High profile divorce sheds light on modern-day baby making practices and its perils.
The former co-host of ABC’s "The View" was discussing the breakup of her short-lived marriage to TV writer Lamar Sally. But if the tabloids and entertainment news websites can be trusted, Shepherd’s decision to walk away from a baby she wanted might “scream louder” than her character and integrity.
Shepherd claims she was tricked into making an arrangement with Sally to have a baby—with the help of a surrogate mother and someone else’s eggs. Sally did his part in the conception, reportedly. Let the courts deal with that.
But Shepherd is coming under fire now for apparently washing her hands over the matter. And throwing the baby out, so to speak, with the wash water.
“Sherri Shepherd does not want anything to do with her unborn surrogate baby … because she believes her estranged husband defrauded her into having the kid in the first place so he could get child support,” TMZ.com reported, citing “multiple sources connected with the couple.”
“We’re told Sherri does not want custody or even to be considered a parent … because she doesn’t want to get stuck with massive child support payments,” the entertainment news website said. The child’s estimated delivery date is July 28.
Aleteia was unsuccessful in reaching Shepherd for comment. But plenty of people were willing to offer their "view" on baby-making arrangements such as this one.
“It’s cases like this that underscore the fact that we need in the United States a comprehensive ban against surrogacy,” said Jennifer Lahl, president of the Center for Bioethics and Culture Network. “Children are seen as products or commodities we can at will contract for, and then can at will say ‘No thank you, I don’t want that child.’”
It’s for this reason that Lahl producd the film Breeders: A Subclass of Women?
"Surrogacy is fast becoming one of the major issues of the 21st century—celebrities and everyday people are increasingly using surrogates to build their families," according to promotional material for the film. "But the practice is fraught with complex implications for women, children, and families. What is the impact on the women who serve as surrogates and on the children who are born from surrogacy? In what ways might money complicate things? What about altruistic surrogacy done for a family member or close friend? Is surrogacy a beautiful, loving act or does it simply degrade pregnancy to a service and a baby to a product? Can we find a middle ground? Should we even look for one?"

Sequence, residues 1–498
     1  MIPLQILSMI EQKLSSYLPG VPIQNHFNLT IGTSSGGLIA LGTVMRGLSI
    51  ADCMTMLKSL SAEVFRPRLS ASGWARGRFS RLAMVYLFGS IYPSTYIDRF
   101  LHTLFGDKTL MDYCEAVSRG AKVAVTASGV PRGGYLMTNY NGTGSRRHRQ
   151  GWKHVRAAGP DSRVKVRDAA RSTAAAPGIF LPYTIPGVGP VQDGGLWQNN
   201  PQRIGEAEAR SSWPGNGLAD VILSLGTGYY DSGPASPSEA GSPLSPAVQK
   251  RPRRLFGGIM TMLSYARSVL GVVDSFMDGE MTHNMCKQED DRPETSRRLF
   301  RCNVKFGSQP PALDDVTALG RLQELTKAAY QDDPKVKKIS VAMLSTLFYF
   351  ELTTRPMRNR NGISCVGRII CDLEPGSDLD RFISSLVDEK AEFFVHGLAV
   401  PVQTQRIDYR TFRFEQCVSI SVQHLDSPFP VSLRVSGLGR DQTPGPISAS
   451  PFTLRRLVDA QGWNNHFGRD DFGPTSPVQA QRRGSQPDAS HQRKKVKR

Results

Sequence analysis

Lahl herself answers No to that last question. “I don’t see the point of regulating something that’s just wrong,” she said. “You can’t anticipate the problems that are going to happen. In the Shepherd case there was a contract. They got into a contract with this woman to have a baby for them. Everyone seems to think we can regulate and that we can make it acceptable if we have it properly regulated. … It would be like if we went back to the early slave days and said, ‘Let’s just regulate it so that slaves are treated properly.’ Slavery was wrong. We didn’t say ‘Let’s legitimize it by regulating it.’ We said ‘Let’s get rid of it’ because it’s wrong."
For Monica Migliorino Miller of Citizens for a Pro-Life Society, the issue of concern is that children who come from such arrangements are considered “products.”
The Shepherd case illustrates the "gross injustice that occurs when human life is manufactured outside of the embodied marital love of spouses,” Miller said. “The child is treated as a commodity—a product that—like any product may be added or subtracted from our lives according to personal whims and changing circumstances.